Their first child was born in January 1800; but lived only a few days. Mary gave birth to Francis W. Eppes
Francis W. Eppes
in 1801; he was their only child to survive infancy. Their last child, Maria, was born in February 1804. She died about two years later.[1] Maria never recovered physically from her third childbirth. Her condition worsened and her father, by then the President, rushed home when Congress adjourned on March 27. She was moved to Monticello
Monticello
and nursed by her sister Martha and Jefferson. Maria died on April 17, 1804 and was buried beside her mother, at her request. Her death prompted Abigail Adams
Abigail Adams
to send written condolences to President Jefferson, thus ending a long silence between the two families that had resulted from their political differences during the presidential campaign of 1800. Abigail wrote movingly of the immediate affection she had felt for Maria when meeting her in London as a girl, which had never altered.[6] References[edit]

^ a b c d e "Maria Jefferson Eppes", Thomas Jefferson
Thomas Jefferson
Encyclopedia, Monticello
Monticello
website ^ a b Virginia Historic Landmarks Commission Staff (July 1969). "National Register of Historic Places Inventory/Nomination: Eppington" (PDF). Virginia Department of Historic Resources.  ^ McCullough, David. John Adams, New York: Simon and Schuster, 2001 p.373 ^ " Sally Hemings
Sally Hemings
and Her Children", Plantation and Slavery, Monticello ^ "Mary Jefferson Eppes, Jefferson's daughter", Learning Resources, Monticello
Monticello
Classroom. Quote: "She gave birth to three children." ^ McCullough John Adams
John Adams
p.581

Authority control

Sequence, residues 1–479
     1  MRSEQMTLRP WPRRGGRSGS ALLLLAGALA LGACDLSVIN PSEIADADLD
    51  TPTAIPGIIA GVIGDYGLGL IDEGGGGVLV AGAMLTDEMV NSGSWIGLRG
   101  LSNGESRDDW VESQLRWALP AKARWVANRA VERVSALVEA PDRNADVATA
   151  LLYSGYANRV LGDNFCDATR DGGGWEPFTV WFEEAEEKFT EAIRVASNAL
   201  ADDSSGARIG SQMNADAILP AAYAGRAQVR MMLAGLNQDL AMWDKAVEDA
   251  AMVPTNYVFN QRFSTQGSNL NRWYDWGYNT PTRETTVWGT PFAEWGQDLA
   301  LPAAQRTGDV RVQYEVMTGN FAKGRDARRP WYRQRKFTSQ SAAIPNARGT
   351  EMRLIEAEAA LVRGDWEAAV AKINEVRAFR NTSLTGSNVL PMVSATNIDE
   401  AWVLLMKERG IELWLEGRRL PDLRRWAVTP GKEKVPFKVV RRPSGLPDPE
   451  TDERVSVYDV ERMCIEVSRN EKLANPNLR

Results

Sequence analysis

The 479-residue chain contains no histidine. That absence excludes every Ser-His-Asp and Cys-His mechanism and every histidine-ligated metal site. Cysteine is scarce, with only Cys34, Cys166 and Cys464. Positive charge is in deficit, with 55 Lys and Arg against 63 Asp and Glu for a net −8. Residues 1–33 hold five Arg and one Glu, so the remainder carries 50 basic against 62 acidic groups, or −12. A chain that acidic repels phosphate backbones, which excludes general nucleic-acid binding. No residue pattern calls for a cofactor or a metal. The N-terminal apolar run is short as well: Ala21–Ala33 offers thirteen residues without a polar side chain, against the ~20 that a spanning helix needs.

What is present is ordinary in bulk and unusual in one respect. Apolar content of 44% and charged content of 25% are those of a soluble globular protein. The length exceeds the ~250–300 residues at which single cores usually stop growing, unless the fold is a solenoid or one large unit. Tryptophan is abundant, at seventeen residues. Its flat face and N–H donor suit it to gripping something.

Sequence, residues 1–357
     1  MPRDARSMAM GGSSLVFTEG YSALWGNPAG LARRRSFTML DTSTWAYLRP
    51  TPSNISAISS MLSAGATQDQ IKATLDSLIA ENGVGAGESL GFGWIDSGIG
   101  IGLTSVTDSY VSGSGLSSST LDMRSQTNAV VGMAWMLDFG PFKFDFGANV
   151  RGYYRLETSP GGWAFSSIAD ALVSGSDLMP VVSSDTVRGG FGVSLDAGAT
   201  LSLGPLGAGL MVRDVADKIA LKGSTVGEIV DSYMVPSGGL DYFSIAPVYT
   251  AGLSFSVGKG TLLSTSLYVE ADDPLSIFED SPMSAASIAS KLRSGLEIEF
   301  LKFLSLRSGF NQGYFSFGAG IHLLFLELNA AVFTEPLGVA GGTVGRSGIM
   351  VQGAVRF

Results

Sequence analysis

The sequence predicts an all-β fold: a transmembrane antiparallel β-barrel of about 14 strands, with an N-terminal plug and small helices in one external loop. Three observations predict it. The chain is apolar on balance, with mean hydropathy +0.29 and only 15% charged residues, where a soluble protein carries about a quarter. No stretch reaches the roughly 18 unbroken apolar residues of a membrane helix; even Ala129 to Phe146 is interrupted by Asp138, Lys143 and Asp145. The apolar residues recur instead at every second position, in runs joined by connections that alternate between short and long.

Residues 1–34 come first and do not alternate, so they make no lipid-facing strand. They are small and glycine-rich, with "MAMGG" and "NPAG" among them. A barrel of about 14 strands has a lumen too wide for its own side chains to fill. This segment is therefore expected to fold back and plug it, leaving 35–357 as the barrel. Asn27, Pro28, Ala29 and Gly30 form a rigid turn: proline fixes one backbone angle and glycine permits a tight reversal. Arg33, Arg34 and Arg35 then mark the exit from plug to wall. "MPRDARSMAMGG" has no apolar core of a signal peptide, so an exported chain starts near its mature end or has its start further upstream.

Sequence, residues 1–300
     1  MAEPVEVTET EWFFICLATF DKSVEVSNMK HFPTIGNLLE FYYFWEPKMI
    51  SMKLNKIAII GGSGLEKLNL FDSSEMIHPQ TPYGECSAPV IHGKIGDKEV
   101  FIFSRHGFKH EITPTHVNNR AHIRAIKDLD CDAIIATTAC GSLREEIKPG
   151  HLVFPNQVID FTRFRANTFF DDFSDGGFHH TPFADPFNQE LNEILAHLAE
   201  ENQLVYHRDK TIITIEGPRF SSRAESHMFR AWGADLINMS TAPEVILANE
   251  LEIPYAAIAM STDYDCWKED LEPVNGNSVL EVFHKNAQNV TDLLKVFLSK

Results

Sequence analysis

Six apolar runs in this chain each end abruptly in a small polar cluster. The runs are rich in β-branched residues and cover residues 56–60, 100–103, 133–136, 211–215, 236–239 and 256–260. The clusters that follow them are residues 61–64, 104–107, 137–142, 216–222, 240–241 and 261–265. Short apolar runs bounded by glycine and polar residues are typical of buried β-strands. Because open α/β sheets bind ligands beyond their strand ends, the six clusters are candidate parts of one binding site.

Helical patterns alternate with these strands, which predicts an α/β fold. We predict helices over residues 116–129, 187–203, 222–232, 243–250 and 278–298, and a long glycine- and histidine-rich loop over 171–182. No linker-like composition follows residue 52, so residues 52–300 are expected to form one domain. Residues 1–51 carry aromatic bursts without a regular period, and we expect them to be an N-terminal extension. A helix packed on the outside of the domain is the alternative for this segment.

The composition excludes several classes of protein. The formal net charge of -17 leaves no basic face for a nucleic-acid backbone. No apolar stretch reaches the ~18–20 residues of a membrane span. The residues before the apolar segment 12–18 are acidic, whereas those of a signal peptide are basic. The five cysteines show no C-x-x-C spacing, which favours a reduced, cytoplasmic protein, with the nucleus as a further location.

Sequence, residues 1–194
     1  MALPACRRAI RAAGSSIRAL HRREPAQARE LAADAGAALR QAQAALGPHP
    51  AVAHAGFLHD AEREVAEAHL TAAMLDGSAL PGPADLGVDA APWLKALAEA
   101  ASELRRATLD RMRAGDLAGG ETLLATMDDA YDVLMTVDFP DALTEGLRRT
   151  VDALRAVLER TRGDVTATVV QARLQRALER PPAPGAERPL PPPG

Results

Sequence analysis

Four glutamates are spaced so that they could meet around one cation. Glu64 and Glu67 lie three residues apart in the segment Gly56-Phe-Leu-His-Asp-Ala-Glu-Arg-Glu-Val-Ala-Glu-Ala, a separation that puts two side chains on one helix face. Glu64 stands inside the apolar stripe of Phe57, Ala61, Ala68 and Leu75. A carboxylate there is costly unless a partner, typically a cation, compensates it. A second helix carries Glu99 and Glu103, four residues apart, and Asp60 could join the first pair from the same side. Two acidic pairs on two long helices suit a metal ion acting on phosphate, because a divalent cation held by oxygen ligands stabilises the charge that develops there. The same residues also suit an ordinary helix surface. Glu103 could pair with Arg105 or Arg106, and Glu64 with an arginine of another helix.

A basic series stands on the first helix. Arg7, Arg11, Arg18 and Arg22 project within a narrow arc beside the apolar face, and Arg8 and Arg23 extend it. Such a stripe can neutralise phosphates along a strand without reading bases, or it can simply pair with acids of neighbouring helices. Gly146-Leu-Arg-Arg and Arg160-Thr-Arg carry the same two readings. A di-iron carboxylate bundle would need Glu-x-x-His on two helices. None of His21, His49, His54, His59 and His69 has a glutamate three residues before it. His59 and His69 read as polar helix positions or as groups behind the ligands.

WorldCat Identities VIAF: 78357150 LCCN: no94033488 SNAC: w6280mhc

v t e

Thomas Jefferson

3rd President of the United States
President of the United States
(1801–1809) 2nd U.S. Vice President (1797–1801) 1st U.S. Secretary of State (1790–1793) U.S. Minister to France (1785–1789) 2nd Governor of Virginia
Governor of Virginia
(1779–1781) Delegate, Second Continental Congress
Second Continental Congress
(1775–1776)

Founding documents of the United States

A Summary View of the Rights of British America
British America
(1774) Initial draft, Olive Branch Petition
Olive Branch Petition
(1775) Declaration of the Causes and Necessity of Taking Up Arms (1775) 1776 Declaration of Independence

Committee of Five authored physical history "All men are created equal" "Life, Liberty, and the pursuit of Happiness" "Consent of the governed"

1786 Virginia Statute for Religious Freedom

freedom of religion

French Revolution

Co-author, Declaration of the Rights of Man and of the Citizen
Declaration of the Rights of Man and of the Citizen
(1789)

Presidency

Inaugural Address (1801 1805) Act Prohibiting Importation of Slaves Louisiana Purchase Lewis and Clark Expedition

Corps of Discovery timeline Empire of Liberty

Red River Expedition Pike Expedition Cumberland Road Embargo Act of 1807

Chesapeake–Leopard affair Non-Intercourse Act of 1809

First Barbary War Native American policy Marbury v. Madison West Point Military Academy State of the Union Addresses (texts 1801 1802 1805) Cabinet Federal judicial appointments

Other noted accomplishments

Early life and career Founder, University of Virginia

history

Land Ordinance of 1784

Northwest Ordinance 1787